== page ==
Description from Goodreads: Sixteen-year-old Ren is a daredevil mobile racer who will risk everything to survive in the Ward, what remains of a water-logged Manhattan. To save her sister, who is suffering from a deadly illness thought to be caused by years of pollution, Ren accepts a secret mission from the government: to search for a freshwater source in the Ward, with the hope of it leading to a cure.
However, she never expects that her search will lead to dangerous encounters with a passionate young scientist; a web of deceit and lies; and an earth-shattering mystery that’s lurking deep beneath the water’s rippling surface.
Jordana Frankel’s ambitious debut novel and the first in a two-book series, The Ward is arresting, cinematic, and thrilling—perfect for fans of Scott Westerfeld or Ann Aguirre.
The Ward was one of my most anticipated 2013 reads. I liked parts of it, but the more I think about it, the more problems I have. First of all, you should know that I had a completely different expectation of what this book was going to be about. Which was totally my fault by the way, but it doesn’t really matter because that’s not why I rated it down anyway. I just thought it needed to be stated. I guess I didn’t read the blurb closely enough and saw the awe-inducing cover and just jumped up and down like a fool and that was that. So when the beginning started out with this girl racing up and down buildings, I was like, “Oh $&@# me.” I thought about putting it down. But I stuck it out. And I was glad I did, because the story in The Ward is actually incredibly well-written. But the world-building, not so much.
But first, the good things:
The writing. I quite liked it. I thought it was a great balance of sensory language, plot, dialogue, descriptions, etc. It flowed really well and I liked the sentence structure and voice of the author. Technically, here is not a lot to criticize here. I’ve read some reviews where readers were mentioning that they were having an issue picturing some of the settings, and I didn’t have that problem.
I also really liked Ren as a protagonist. I thought she was likable, kind, and determined. She had a lot of depth to her character–she had likes and dislikes, friends, opinions, and everything to me that makes a character great. It was a little unnerving sometimes the way she obsessed over Derek, but it wasn’t often and I’ve seen much worse in other books. If I could put her character on a ten point scale, I’d give her about an 8.5.
The rest of the characters though? Mehhhh. Derek was okay but he pissed me off a lot and his justification for doing things the way he did them didn’t work for me. So I really didn’t like him much and I am not all about the relationship in this novel the way I am in other books. I can take them or leave them. I don’t think they are a really good match for each other but I don’t hate them together either. I really don’t care, to be honest. I liked Callum a lot more than Derek. But he was kind of boring so that should tell you something. But Aven? She stole every scene that she was in.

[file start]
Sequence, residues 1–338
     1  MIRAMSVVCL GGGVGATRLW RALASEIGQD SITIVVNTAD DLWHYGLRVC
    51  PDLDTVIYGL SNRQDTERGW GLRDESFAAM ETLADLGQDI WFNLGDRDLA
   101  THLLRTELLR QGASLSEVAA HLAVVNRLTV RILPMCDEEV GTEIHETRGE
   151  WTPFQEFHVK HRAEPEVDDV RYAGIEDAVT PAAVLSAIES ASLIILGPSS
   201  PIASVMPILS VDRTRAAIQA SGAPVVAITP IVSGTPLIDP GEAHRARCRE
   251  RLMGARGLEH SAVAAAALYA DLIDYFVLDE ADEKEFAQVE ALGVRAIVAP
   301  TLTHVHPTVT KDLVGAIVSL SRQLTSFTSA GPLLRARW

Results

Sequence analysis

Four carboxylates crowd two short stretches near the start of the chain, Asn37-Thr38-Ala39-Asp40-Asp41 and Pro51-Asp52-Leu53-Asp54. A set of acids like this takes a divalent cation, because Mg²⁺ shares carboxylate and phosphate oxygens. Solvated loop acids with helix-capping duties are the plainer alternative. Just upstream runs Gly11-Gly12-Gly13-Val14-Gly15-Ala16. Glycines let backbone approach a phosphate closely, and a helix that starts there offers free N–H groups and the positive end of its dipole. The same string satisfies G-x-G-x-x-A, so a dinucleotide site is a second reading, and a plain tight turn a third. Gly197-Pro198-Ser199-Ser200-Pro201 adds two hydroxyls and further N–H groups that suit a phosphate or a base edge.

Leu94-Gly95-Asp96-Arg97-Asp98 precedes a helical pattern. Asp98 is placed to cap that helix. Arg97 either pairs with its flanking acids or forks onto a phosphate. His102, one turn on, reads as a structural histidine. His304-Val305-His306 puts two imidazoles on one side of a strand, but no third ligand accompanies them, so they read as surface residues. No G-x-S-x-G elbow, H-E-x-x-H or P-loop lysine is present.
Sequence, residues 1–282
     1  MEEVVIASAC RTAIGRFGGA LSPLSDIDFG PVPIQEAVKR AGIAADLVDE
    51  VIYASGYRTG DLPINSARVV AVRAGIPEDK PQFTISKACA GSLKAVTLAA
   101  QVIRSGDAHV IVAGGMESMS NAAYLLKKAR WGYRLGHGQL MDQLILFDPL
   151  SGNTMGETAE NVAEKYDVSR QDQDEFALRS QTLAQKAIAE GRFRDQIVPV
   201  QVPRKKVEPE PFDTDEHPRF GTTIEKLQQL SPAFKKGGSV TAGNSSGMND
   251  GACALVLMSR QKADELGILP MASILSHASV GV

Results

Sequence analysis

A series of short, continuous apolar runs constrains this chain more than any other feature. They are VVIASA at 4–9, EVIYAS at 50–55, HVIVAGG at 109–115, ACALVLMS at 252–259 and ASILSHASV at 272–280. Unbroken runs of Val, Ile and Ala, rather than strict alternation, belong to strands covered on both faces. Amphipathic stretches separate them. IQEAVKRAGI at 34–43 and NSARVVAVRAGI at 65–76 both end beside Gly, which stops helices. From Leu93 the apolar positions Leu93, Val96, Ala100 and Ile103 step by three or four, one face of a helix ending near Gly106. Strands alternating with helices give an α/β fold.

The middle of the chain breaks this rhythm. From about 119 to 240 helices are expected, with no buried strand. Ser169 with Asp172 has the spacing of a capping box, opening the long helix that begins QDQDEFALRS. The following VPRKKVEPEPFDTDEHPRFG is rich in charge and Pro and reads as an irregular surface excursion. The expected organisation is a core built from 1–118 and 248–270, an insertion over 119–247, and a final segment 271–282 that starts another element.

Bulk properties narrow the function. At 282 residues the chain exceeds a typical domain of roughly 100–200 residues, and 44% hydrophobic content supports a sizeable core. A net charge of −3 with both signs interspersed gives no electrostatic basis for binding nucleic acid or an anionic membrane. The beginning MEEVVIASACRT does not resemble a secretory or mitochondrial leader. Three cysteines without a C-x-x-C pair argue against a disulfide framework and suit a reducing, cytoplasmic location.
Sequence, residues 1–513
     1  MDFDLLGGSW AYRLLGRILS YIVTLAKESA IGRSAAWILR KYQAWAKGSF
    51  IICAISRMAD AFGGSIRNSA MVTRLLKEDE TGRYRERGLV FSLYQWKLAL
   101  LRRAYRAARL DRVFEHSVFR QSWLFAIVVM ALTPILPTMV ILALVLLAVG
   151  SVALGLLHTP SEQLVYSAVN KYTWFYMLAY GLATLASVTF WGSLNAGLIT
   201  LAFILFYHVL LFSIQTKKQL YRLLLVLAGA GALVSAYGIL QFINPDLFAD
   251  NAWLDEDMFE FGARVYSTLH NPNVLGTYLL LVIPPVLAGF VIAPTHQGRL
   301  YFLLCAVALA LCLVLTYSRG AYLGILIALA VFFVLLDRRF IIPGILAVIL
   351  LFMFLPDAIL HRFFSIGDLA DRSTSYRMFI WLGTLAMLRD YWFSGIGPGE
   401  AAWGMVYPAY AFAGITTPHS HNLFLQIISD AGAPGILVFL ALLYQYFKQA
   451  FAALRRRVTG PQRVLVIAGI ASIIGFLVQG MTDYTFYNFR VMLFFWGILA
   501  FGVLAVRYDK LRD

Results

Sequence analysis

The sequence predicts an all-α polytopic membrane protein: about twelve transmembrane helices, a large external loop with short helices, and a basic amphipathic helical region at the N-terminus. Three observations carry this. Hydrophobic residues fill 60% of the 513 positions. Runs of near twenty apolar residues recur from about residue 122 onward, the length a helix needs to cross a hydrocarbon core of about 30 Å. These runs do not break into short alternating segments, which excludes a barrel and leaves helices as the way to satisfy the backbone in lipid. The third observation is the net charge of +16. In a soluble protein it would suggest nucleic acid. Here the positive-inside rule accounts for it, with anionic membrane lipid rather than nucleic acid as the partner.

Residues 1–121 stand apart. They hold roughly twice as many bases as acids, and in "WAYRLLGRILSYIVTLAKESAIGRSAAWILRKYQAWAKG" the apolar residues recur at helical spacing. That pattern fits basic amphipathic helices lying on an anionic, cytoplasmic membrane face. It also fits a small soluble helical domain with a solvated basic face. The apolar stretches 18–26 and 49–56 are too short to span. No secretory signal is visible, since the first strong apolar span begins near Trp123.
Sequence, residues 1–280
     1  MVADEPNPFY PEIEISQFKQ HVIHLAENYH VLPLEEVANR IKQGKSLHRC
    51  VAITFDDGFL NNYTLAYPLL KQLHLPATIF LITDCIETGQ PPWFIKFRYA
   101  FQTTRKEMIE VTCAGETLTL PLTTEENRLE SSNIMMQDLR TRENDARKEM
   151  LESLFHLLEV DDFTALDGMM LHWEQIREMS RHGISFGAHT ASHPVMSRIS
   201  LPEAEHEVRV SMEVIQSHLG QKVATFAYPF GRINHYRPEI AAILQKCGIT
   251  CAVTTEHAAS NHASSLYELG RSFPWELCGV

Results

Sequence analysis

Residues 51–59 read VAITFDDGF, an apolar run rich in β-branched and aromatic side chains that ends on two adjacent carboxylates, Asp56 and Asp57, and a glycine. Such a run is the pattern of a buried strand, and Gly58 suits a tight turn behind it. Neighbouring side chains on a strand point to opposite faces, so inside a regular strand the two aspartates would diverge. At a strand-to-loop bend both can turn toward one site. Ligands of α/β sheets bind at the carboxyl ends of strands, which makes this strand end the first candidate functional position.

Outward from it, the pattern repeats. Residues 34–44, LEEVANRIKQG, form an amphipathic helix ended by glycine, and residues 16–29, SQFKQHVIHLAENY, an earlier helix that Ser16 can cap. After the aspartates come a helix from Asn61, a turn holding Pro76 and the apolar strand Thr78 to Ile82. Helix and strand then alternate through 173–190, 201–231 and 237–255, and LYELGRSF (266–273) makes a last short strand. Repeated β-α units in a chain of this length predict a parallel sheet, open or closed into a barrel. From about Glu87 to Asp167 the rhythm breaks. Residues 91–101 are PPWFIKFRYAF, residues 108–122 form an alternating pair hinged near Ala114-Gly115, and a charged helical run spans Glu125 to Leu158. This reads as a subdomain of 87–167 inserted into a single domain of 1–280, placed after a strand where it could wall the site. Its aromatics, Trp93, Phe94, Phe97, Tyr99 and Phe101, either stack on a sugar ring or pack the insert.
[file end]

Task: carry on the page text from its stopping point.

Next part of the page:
But the plot is where The Ward excelled. There’s a plague and a search for a cure that takes the reader into some pretty exciting locations and scenes. It’s exhilarating and there were times I almost found myself holding my breath in anticipation of what would happen next. I was worried. Worried whether Ren would be able to pull it off and complete all her goals.
Not a fan of underwater scenes? Do they make you claustrophobic? You are going to want to skip this book. I almost lost my mind with the anxiety I had during one particular scene. It was really exciting. There’s a fantasy element to this story that some readers didn’t care for, but I kind of loved it. I thought it was unique and only served to give the plot even more depth.
The ending though was very disappointing for me. It just had to end on a cliffhanger and I am getting a little tired of those. Sometimes I don’t mind, but I feel like this one was done as a clear money grab so the author could write a second book. The Ward would have worked fine as a standalone and I almost feel like boycotting the sequel on principle.
The world-building though is the main reason I rated this one as a 3 star. There just wasn’t enough of it. Not enough explanation of how this world got to be the way it was. And then I talked to Giselle from Xpresso reads and she also pointed out that with this much water and this much technology, it’s utterly ridiculous that water is in such high demand and no one could figure out the desalinization process. She’s right. It’s stupid. They have all these high tech vehicles and medical processes, but no way to remove the sale from water when there are already devices TODAY that can do that? 50 years from now they should be able to do that on a large scale, one would think. I am not convinced. Because of that, like a house of cards, the rest of the world-building comes tumbling down. I just feel like the author missed out on an opportunity to really explain what was going on and all we got was a paragraph. So I think you’re going to be disappointed if you are one of those readers that really lives for the world-building in your dystopians. But if you are reading this for plot alone, I think there’s a good chance you might like it. I’m on the fence still at this point.
There was also some stupid mean girl bullshit that I could have done without completely. And slut-shaming. Because apparently Matahari and Cleopatra were sluts. LOL. No.